How Much is Too Much When it Comes to Sharing Information with Employees?
Company A has a "need to know" culture. The leaders like to keep things close to the vest. "Why should we share the strategic plan?" they argue. "Employees aren't going to understand it, or care, anyway." They also don't take the time to hold company meetings, share sales or financial data, or let the employees know how the company is doing in the marketplace. Their style is paternal: leaders know better—so we'll tell you what to do.
Company B is at the opposite end of the continuum. They want "transparency." "We want to empower our employees and treat them like owners of the company," they say. So leaders hold quarterly meetings and share detailed reports from every department. They also believe in allowing employees access to salary information, job descriptions and other HR related data on anyone in the company. Their style is open and participative: We won't tell you what to do—be self-actualizing.
I think both approaches are flawed. Somewhere in the middle is the right approach, in my opinion. Company A's over-controlling style limits employee's ability to fully contribute. Without big-picture information, employees won't be able to find creative solutions that will help the company reach its goals. Like playing basketball with blindfolds on, they don't know exactly where the basket is. While Company B wants to be completely open about information, it will require an education process that can be all-consuming—and a big distraction from employees' individual productivity. Instead of playing their positions in the game, they end up trying to be the coach and the referee, too.
Company B errs in the other direction. Proponents of "self-directed teams" (a "progressive" leadership idea in the 1980's) could tell cautionary tales about a good idea taken too far. Companies, who experimented with self-directed teams, removed supervisors and let teams manage themselves. Problems began when front line employees were spending too much time on managerial-type duties, such as giving each other performance reviews, making up schedules, and mediating conflicts. The leaders had to spend too many hours educating employees about the finances, HR, etc.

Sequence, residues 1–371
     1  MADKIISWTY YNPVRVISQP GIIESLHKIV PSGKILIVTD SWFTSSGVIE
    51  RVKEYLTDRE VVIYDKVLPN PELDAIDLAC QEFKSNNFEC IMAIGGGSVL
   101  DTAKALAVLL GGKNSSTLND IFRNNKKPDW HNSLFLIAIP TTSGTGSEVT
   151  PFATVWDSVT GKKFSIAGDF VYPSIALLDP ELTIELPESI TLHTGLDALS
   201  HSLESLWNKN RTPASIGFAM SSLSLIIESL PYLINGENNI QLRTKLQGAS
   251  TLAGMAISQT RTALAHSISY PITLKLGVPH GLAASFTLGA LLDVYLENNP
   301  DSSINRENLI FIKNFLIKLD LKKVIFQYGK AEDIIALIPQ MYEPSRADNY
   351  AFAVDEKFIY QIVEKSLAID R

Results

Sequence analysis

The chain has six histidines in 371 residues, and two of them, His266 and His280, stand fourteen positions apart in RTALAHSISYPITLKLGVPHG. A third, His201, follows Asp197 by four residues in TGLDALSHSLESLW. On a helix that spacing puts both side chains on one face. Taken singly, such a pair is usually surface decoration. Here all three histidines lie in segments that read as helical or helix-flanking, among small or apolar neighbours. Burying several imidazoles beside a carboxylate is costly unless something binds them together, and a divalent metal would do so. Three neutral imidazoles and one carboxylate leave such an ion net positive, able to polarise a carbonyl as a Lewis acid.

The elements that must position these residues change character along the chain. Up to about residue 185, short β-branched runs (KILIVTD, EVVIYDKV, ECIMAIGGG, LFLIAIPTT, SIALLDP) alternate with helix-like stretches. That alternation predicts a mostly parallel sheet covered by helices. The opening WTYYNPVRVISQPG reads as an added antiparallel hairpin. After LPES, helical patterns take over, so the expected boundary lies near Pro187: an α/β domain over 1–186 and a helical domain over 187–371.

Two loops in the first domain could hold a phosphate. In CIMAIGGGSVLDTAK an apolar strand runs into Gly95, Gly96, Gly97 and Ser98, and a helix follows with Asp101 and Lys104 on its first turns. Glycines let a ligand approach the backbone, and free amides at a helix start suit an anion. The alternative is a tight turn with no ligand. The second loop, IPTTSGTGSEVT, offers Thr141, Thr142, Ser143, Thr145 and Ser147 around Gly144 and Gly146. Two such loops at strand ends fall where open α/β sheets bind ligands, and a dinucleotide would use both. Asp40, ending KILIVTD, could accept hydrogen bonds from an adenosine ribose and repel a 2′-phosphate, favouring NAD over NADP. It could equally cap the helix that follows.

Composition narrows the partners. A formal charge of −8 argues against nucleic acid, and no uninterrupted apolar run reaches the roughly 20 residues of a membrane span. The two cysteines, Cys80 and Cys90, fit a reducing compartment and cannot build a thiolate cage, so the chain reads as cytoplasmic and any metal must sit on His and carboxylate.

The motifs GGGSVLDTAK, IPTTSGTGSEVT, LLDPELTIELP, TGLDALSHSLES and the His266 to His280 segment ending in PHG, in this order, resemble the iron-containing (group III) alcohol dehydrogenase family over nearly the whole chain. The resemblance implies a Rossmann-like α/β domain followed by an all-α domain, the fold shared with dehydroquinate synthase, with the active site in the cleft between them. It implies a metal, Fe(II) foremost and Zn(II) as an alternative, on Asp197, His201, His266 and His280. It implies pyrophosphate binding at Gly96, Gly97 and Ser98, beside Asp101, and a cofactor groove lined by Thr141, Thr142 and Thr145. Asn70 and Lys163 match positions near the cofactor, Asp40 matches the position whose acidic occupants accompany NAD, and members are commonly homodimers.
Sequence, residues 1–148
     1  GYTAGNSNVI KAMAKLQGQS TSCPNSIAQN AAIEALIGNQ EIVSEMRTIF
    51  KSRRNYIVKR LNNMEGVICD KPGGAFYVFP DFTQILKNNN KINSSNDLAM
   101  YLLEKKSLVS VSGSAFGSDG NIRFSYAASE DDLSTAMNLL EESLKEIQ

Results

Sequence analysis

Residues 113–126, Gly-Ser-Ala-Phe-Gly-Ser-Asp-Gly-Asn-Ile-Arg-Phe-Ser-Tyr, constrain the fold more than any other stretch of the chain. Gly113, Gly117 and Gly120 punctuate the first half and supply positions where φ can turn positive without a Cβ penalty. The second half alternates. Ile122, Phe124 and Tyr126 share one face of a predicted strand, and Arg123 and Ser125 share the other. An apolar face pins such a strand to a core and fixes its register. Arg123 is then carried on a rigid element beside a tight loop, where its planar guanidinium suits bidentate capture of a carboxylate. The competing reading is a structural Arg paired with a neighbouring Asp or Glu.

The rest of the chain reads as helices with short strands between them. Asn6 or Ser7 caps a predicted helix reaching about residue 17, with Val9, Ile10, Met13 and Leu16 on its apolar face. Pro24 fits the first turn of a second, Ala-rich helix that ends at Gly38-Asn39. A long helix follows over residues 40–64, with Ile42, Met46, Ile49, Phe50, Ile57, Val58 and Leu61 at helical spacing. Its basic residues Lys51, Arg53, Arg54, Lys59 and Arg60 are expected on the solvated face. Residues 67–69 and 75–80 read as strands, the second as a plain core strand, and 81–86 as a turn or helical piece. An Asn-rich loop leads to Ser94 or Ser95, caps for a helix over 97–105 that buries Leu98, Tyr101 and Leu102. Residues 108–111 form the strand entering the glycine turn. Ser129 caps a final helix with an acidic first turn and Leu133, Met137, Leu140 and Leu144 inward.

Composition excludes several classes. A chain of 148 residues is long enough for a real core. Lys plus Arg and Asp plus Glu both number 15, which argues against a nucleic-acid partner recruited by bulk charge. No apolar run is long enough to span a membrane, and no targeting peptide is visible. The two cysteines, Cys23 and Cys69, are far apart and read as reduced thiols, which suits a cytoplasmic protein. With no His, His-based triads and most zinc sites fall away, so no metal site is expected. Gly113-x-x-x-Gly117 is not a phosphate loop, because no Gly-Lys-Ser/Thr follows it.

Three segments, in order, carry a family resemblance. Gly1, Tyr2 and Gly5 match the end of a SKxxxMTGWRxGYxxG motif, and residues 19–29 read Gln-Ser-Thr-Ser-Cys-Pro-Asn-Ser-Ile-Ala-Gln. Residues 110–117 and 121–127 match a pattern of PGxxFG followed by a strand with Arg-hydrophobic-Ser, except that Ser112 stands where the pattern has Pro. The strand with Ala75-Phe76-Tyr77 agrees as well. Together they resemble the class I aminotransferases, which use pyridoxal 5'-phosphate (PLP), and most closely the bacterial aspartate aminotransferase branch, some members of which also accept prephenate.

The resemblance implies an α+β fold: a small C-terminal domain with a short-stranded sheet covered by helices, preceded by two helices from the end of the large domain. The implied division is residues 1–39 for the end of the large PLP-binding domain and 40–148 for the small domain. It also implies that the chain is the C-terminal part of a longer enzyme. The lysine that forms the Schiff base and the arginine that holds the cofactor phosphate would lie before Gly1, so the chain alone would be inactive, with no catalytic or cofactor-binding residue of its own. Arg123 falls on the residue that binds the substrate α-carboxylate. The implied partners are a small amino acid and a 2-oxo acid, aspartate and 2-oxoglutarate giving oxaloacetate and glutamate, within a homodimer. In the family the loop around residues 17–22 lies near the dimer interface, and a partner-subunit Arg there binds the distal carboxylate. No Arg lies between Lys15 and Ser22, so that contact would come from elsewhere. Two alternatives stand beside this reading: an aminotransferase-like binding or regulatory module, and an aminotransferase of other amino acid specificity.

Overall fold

Sharing too much information can cause the same time-consuming distractions. For example, employees, with access to salary data, demand to know why their co-worker is making more than they are. The leader must be willing to spend a lot of time educating the complainer—and the rest of the employees—about the compensation system. In the end, the leader finds it's easier to pay everyone the same, so there are no more complaints.
And it's safe to say, that employees do care about how the company is doing, but not about the infinite details of finance, or other top level issues.
So where is the "middle ground"?
Here are some guidelines:
- Employees should know what the company's short and long-term goals are, so they can tailor their behaviors to drive the company toward those goals.
- Employees need to have their own goals and understand how their contribution makes a difference.
- They should know how the company is doing in the marketplace, and have discussions in their own teams about how they can be more effective and efficient.
- They need a working knowledge about other departments, and be expected to work with them as internal customers.
- Employees should know what they are expected to do and how they can move up the ladder and make more money.
- Employees should hear honest feedback about their performance and be able to get coaching on how to grow in their job.
- Employees should be aware of company challenges and problems, so they can contribute to solutions.
Employee engagement and empowerment can't happen in a vacuum. Sharing information—on the right things—can enable them to move the performance needle in the right ways.